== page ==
Todd Zerega
Perkins Coie

Todd Zerega, partner at Washington-based law firm Perkins Coie, introduces the firm’s new buy-side guide following the Fed’s final rule on GSIB exposures

What’s your involvement in securities lending?

I’m currently a partner in Perkins Coie’s investment management team. I primarily advise clients on securities lending, repo, derivatives and other investment related activities. My client base is primarily the buy-side or end users, with smaller broker dealers and banks. I do not generally represent any of the global systemically important banks (GSIBs) or the global banks on their activities. Prior to that, I was part of Reed Smith’s’ Investment Management team for 12 years. I also worked in-house in the legal department at Federated Investors.

What is the final rule and how will it affect securities financing, specifically repo?

The main goal of the final rule is to facilitate the orderly resolution of GSIBs. To accomplish this, the Federal Reserve is seeking to limit the ability of the GSIBs trading counterparties to terminate their trades with a GSIB immediately upon the GSIB going into a resolution regime.

So they’re concerned about a mass termination of trading agreements or contracts immediately upon the GSIB going into a resolution regime. In the US, the two main applicable resolution regimes are the Dodd-Frank Liquidation Authority, and the Federal Deposit Insurance Corporation’s (FDIC) which are both similar. The final rule is really an effort to make sure that those regimes are enforced regardless of which court is involved in a proceeding seeking to enforce the terms of a trading agreement with the GSIB.

Specifically, there’s concern that a foreign court could disregard the applicability of the resolution regimes in the US and ignore the stay requirements that are in those resolution regimes. In order to address the risk that foreign courts will ignore the statutory provisions, the final rule, in essence embedded the applicability of the regimes, and the associated stay requirements into trading agreements contracts. The affected contracts referred to in the final rule, known as ‘qualified financial contracts’ (QFCs), include repo and securities lending contracts.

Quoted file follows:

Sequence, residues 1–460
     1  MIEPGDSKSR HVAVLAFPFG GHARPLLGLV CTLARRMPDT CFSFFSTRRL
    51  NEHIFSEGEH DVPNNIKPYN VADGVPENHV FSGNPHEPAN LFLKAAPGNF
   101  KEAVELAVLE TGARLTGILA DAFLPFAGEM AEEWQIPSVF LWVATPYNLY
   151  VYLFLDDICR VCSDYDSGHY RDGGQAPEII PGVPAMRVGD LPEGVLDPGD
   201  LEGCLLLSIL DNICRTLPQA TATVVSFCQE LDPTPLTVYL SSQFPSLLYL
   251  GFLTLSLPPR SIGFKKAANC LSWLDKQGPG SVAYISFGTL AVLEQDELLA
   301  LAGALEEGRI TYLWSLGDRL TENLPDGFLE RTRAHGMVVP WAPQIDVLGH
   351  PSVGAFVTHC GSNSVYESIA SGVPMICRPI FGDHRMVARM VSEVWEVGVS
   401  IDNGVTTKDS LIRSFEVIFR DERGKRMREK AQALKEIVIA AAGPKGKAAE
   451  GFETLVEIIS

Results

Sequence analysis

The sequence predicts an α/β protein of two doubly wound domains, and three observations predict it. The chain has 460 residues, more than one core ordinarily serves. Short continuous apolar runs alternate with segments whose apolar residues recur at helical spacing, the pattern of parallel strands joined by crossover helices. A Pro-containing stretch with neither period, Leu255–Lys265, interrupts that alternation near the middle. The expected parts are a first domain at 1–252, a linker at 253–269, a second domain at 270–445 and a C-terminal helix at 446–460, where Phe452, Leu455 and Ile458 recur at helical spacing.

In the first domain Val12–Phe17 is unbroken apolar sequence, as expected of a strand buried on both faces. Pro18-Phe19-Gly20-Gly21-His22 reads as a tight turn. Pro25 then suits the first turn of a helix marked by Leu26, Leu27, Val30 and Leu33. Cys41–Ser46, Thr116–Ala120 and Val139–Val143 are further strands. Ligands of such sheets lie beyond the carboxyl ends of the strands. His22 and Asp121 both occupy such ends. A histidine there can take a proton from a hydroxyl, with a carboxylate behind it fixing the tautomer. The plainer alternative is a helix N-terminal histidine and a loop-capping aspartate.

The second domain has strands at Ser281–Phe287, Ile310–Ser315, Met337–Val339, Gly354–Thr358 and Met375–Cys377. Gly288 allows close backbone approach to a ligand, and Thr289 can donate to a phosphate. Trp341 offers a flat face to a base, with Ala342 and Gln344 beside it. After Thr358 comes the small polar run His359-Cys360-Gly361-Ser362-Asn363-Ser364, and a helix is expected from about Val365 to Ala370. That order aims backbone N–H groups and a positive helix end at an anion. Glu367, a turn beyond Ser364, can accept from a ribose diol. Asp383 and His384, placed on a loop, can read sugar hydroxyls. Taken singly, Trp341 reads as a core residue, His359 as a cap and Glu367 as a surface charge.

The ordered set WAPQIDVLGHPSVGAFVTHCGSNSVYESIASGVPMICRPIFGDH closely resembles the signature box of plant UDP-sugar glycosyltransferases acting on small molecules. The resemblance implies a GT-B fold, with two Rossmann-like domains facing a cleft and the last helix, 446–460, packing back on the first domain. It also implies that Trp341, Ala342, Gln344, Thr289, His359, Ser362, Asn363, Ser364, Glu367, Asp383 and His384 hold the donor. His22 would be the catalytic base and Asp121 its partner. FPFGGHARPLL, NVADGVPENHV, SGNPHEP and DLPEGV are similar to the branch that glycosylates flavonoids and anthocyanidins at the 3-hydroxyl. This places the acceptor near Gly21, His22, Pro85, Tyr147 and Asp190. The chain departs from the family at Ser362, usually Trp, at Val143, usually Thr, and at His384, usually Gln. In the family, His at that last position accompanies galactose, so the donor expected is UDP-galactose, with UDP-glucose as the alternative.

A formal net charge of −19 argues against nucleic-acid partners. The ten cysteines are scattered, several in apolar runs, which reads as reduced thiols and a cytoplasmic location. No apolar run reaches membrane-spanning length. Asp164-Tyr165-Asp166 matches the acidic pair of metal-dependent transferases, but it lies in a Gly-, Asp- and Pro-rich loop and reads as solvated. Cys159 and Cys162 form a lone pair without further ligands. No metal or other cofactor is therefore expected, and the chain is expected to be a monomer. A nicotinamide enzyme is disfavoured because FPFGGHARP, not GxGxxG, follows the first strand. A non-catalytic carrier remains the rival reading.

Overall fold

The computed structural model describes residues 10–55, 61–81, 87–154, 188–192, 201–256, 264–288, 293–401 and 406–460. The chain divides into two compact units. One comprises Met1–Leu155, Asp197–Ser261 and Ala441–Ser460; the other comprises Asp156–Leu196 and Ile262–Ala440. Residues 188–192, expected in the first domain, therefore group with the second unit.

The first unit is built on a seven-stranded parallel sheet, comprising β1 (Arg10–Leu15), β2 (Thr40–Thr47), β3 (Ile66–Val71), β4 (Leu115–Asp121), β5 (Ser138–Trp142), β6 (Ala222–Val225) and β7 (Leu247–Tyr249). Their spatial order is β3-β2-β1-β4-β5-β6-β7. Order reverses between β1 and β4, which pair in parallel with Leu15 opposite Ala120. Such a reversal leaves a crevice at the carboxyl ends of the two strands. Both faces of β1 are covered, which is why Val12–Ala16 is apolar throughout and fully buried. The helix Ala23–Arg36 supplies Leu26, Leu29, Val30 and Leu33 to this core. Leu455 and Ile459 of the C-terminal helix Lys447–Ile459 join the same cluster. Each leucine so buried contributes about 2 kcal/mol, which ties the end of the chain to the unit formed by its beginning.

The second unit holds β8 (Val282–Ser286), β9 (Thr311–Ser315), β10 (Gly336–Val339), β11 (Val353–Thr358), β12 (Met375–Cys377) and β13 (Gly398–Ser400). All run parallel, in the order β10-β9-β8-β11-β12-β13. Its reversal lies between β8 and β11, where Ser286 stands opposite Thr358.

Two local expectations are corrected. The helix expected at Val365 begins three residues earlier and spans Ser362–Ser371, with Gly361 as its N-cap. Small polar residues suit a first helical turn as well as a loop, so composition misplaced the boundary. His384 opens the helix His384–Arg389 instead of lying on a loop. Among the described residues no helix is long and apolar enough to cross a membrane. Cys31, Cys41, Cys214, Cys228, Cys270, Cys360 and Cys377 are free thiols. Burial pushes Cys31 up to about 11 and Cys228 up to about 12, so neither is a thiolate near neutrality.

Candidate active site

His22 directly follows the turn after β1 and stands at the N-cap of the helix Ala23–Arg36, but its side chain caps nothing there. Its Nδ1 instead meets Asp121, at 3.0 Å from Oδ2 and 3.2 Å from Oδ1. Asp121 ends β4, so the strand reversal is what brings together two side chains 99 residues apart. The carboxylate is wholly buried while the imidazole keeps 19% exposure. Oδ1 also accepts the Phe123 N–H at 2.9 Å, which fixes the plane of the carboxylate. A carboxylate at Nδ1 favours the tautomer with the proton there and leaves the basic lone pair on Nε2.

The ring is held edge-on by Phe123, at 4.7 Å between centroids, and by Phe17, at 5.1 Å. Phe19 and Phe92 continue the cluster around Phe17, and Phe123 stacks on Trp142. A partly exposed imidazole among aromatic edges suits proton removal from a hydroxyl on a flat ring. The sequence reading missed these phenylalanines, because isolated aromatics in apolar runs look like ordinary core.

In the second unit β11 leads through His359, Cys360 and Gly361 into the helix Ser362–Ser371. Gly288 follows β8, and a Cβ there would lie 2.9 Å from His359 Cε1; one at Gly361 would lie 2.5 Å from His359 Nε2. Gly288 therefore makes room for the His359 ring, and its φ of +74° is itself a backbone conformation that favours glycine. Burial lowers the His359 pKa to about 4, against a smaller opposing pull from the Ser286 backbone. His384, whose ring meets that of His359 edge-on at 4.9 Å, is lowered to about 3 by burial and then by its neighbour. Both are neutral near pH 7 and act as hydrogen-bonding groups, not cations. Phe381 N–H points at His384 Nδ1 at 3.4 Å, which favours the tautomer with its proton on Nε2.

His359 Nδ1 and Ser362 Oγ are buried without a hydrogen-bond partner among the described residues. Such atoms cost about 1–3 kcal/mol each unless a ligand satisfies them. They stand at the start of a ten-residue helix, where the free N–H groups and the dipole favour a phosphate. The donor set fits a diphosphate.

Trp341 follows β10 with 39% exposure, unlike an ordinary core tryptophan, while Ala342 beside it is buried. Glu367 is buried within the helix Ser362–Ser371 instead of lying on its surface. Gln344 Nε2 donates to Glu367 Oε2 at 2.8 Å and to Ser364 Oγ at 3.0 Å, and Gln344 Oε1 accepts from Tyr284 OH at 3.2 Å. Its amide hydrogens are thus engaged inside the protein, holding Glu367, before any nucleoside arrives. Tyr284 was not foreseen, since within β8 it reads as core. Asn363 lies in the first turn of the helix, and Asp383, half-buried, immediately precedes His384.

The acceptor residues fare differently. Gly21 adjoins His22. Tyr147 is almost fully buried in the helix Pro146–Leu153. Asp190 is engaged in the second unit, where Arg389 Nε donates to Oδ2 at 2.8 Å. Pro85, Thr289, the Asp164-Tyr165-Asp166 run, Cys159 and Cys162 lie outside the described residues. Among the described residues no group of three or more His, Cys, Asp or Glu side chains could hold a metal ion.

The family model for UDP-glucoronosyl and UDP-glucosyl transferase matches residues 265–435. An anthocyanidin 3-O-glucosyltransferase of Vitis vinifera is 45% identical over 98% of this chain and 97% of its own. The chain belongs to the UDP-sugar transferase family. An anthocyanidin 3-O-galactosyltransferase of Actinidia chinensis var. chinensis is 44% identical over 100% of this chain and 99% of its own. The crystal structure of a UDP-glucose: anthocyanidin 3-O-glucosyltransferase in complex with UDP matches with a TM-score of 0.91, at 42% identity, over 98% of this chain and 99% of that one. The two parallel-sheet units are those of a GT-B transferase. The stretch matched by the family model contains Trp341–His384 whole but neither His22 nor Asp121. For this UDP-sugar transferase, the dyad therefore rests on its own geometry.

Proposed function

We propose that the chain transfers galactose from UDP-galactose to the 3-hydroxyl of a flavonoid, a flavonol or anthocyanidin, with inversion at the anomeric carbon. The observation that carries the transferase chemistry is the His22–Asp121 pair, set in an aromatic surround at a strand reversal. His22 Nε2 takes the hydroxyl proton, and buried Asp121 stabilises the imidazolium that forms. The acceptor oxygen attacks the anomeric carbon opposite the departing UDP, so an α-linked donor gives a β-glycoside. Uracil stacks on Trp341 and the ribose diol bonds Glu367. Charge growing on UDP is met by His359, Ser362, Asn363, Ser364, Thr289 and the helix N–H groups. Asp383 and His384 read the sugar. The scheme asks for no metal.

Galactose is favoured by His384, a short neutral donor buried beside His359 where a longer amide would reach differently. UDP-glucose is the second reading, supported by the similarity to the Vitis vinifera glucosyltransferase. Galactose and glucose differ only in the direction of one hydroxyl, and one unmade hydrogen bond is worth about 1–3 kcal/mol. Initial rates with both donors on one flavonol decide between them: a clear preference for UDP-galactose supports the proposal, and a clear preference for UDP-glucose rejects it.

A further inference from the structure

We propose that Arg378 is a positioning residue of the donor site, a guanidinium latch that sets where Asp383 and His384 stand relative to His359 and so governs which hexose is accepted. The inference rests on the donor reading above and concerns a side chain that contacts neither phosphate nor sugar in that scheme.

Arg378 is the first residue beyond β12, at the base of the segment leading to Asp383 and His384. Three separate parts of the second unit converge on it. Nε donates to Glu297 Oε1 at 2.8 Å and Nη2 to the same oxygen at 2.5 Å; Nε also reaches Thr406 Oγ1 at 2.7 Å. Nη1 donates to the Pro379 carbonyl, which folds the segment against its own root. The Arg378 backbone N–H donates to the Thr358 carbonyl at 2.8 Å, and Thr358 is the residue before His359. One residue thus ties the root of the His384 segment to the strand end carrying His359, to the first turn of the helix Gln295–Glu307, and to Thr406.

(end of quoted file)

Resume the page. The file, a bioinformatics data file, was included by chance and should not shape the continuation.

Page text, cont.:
Have you heard any feedback from the street on how this final version was received?

I have had several clients reach out to me on this issue. I know some of the trade groups are discussing issues in their committees. But I still feel like most of the street, at least on the buy side, are still digesting the rule and trying to plan out how it affects them. I have not seen much in the way of implementation. The key date is

1 January 2019 and I expect the GSIBs will seek to have their trading documentation amended by such date.

Are you surprised at the lack of activity on this so far, given the scale of the rule?

I think more education would be helpful, and certainly could not hurt, as it is a complex rule. When you add in the addition of having to understand the ISDA protocols it can be a tough lift for firms to get their arms around. Once a firm has an understanding of the rule and the ISDA protocols, it will have to survey its universe of trading agreements and catalog the agreements that will be required to be amended. Finally, they will have to consider whether they want to amend those agreements by entering into an ISDA protocol or by entering into bilateral amendments with their counterparties.